Africans should be in the UN Security Council says merciful China.

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China is advocating for a place for Africans in the UN Security Council.
Chinese Foreign Minister Qin Gang has said Africa should have a greater voice in the UN Security Council and other international bodies, something the continent’s leaders have long called for.
Qin made the call in a statement issued after meeting the head of the African Union Commission Moussa Mahamat Faki in Ethiopia’s capital Addis Ababa, recently.

“We should boost the representation and voice of developing countries, especially those of African countries, in the UN Security Council and other international organizations,” he said.

Qin, who is on his first overseas visit as foreign minister, rallied countries to work together “to make the global governance system more just and equitable”.
“Africa should be a platform for international cooperation, not an arena for competition between major countries,” he said.
The African Union has sought to shake up its relations with the world and has called for two permanent African members on the powerful council, saying African issues make up most of the council’s business.

The United Nations Security Council (UNSC) is one of the six principal organs of the United Nations and is charged with ensuring international peace and security, recommending the admission of new UN members to the General Assembly, and approving any changes to the UN Charter. Its powers include establishing peacekeeping operations, enacting international sanctions, and authorizing military action. The UNSC is the only UN body with the authority to issue binding resolutions on member states.

Like the UN as a whole, the Security Council was created after World War II to address the failings of the League of Nations in maintaining world peace.

Proposals to reform the Security Council began with the conference that wrote the UN Charter and have continued to the present day. As British historian Paul Kennedy writes, “Everyone agrees that the present structure is flawed. But consensus on how to fix it remains out of reach.”

Former UN Secretary-General Kofi Annan asked a team of advisers to come up with recommendations for reforming the United Nations by the end of 2004. One proposed measure is to increase the number of permanent members by five, which, in most proposals, would include Brazil, Germany, India and Japan (known as the G4 nations), one seat from Africa (most likely between Egypt, Nigeria, or South Africa), and/or one seat from the Arab League. On 21 September 2004, the G4 nations issued a joint statement mutually backing each other’s claim to permanent status, together with two African countries. Currently, the proposal has to be accepted by two-thirds of the General Assembly (128 votes).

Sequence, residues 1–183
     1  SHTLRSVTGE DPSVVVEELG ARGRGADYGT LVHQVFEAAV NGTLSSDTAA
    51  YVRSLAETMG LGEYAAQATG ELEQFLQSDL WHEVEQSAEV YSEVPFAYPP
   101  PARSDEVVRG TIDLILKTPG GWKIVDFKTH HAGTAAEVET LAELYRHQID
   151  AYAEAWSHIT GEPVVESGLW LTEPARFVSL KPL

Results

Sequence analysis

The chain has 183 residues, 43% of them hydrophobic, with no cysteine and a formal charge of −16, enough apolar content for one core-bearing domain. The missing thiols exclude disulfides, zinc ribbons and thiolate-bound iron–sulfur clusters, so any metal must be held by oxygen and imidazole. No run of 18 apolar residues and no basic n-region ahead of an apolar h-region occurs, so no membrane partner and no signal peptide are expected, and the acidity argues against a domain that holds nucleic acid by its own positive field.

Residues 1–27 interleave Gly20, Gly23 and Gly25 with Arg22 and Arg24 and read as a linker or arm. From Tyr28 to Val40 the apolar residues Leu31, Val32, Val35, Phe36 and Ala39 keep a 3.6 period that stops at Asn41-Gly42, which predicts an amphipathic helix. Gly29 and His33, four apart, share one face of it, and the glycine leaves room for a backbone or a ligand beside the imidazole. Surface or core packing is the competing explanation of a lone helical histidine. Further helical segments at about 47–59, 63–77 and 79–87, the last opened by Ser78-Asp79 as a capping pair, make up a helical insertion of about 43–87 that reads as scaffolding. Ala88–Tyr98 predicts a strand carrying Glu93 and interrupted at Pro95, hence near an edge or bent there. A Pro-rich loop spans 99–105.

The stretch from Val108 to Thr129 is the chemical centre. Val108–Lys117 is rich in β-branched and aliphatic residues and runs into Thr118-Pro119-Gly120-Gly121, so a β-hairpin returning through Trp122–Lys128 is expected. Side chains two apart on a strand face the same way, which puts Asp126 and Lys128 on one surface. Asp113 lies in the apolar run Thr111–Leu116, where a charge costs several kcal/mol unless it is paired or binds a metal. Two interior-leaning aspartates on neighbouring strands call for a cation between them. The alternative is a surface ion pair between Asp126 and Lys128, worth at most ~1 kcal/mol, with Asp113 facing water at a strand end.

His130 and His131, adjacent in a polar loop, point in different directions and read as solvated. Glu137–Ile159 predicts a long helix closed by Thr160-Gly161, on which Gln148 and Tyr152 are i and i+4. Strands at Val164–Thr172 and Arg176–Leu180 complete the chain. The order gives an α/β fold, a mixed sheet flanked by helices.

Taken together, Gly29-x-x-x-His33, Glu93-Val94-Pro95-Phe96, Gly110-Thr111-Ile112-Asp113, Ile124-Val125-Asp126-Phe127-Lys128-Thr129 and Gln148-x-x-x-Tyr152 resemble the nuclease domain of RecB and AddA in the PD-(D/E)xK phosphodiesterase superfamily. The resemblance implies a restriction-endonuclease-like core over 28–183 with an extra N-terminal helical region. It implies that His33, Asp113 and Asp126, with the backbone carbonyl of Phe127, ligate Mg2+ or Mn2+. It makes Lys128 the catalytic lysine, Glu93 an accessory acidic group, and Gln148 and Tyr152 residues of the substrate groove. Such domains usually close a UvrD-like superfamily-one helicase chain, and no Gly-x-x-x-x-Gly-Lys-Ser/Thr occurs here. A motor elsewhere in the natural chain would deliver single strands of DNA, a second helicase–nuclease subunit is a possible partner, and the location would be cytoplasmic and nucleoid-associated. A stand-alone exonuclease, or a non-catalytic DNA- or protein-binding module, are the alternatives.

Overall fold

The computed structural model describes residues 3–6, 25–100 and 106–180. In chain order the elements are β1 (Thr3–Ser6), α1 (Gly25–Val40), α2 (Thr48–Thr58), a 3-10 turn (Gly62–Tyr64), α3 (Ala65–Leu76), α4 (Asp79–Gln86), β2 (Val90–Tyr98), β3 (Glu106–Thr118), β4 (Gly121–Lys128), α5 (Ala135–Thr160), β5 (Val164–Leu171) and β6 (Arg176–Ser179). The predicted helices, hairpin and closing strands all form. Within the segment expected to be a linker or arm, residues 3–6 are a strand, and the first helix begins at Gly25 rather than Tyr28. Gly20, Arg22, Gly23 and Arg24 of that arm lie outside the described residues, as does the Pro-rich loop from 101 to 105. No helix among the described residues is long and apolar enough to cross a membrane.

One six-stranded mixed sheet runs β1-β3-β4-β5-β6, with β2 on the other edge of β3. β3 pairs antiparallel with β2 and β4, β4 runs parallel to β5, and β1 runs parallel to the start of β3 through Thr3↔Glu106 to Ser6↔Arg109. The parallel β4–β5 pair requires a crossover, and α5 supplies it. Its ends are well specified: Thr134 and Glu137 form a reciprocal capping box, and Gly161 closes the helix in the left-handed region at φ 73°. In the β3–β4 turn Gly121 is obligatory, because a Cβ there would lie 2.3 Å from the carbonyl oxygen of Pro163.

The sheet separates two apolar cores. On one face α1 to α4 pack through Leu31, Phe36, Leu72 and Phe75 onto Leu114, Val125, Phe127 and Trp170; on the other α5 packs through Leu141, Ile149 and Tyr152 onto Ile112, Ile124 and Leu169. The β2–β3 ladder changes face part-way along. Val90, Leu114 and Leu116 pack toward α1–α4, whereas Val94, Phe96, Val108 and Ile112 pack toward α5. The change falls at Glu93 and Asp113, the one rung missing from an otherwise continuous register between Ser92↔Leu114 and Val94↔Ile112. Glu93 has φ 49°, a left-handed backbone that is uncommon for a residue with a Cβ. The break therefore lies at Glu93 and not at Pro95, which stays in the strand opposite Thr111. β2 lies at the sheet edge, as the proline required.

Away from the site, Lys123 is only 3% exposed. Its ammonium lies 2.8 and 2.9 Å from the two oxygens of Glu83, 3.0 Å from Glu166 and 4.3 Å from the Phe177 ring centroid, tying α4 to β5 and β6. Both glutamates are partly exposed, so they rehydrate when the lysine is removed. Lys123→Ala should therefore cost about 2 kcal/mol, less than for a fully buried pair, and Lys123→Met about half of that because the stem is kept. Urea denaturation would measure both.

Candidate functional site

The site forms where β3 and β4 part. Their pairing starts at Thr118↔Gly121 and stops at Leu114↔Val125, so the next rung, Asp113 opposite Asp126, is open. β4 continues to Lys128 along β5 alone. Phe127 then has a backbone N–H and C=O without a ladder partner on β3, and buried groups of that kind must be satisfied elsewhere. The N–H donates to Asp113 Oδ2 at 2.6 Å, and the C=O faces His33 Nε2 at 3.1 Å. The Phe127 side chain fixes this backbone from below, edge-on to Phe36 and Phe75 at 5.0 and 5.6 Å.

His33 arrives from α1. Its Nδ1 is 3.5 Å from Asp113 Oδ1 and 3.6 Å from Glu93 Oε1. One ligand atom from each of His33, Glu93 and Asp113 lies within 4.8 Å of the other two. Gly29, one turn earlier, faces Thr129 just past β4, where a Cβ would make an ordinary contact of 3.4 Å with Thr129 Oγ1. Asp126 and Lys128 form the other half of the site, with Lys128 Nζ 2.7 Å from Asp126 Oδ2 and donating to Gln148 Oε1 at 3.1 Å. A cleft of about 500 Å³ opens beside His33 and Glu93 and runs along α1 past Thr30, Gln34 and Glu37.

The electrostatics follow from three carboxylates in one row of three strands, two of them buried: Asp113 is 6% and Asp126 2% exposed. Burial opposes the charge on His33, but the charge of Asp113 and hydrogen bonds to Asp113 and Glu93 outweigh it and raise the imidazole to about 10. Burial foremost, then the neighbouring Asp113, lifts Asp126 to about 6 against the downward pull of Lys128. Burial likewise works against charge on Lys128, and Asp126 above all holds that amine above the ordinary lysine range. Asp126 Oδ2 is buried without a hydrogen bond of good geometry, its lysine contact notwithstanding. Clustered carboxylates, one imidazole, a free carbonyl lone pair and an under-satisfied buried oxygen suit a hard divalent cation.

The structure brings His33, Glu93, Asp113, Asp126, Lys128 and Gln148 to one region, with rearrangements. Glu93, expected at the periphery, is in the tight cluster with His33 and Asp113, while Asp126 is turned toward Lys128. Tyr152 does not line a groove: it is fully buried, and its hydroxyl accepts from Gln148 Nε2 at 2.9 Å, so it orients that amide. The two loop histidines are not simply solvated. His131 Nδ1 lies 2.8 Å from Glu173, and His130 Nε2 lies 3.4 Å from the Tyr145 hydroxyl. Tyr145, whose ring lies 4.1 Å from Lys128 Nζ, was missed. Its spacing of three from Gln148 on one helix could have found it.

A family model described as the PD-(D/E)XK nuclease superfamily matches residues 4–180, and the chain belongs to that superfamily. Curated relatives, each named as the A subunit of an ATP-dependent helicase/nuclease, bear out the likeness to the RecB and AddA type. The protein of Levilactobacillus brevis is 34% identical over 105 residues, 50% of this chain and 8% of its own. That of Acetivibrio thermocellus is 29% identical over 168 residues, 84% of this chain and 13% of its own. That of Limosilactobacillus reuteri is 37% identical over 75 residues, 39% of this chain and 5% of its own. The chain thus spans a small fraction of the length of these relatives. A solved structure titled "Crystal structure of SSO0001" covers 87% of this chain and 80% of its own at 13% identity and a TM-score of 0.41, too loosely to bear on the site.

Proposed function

The permanent members, each holding the right of veto, announced their positions on Security Council reform reluctantly. The United States has unequivocally supported the permanent membership of Japan and lent its support to India and a small number of additional non-permanent members. The United Kingdom and France essentially supported the G4 position, with the expansion of permanent and non-permanent members and the accession of Germany, Brazil, India, and Japan to permanent member status, as well as an increase in the presence of African countries on the council. China has supported the stronger representation of developing countries and firmly opposed Japan’s membership.
The permanent members of the United Nations Security Council (also known as the Permanent Five, Big Five, or P5) are the five sovereign states to whom the UN Charter of 1945 grants a permanent seat on the UN Security Council: China, France, Russia, the United Kingdom, and the United States.
The permanent members were all allies in World War II (and the victors of that war), and are all states with nuclear weapons. All have the power of veto which enables any one of them to prevent the adoption of any “substantive” draft Council resolution, regardless of its level of international support. The remaining 10 members of the UN Security Council are elected by the General Assembly, giving a total of 15 UN member states.

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